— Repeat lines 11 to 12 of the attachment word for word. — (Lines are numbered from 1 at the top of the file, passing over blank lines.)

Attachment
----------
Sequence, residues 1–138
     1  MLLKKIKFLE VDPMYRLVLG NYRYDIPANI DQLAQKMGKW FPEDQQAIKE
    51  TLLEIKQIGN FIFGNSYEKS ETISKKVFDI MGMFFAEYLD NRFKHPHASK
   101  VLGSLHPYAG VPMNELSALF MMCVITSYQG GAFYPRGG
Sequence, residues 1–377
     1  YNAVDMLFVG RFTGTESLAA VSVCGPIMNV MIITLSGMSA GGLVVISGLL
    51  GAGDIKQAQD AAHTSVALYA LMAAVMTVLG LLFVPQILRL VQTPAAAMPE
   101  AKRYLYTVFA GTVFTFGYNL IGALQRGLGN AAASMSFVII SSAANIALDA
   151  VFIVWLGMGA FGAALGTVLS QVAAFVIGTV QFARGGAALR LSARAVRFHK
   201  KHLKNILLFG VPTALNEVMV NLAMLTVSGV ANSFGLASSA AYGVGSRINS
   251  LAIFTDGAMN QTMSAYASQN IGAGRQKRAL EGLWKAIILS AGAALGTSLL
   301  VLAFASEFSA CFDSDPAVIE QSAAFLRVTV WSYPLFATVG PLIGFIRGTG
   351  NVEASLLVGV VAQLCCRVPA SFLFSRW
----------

   251  LAIFTDGAMN QTMSAYASQN IGAGRQKRAL EGLWKAIILS AGAALGTSLL
   301  VLAFASEFSA CFDSDPAVIE QSAAFLRVTV WSYPLFATVG PLIGFIRGTG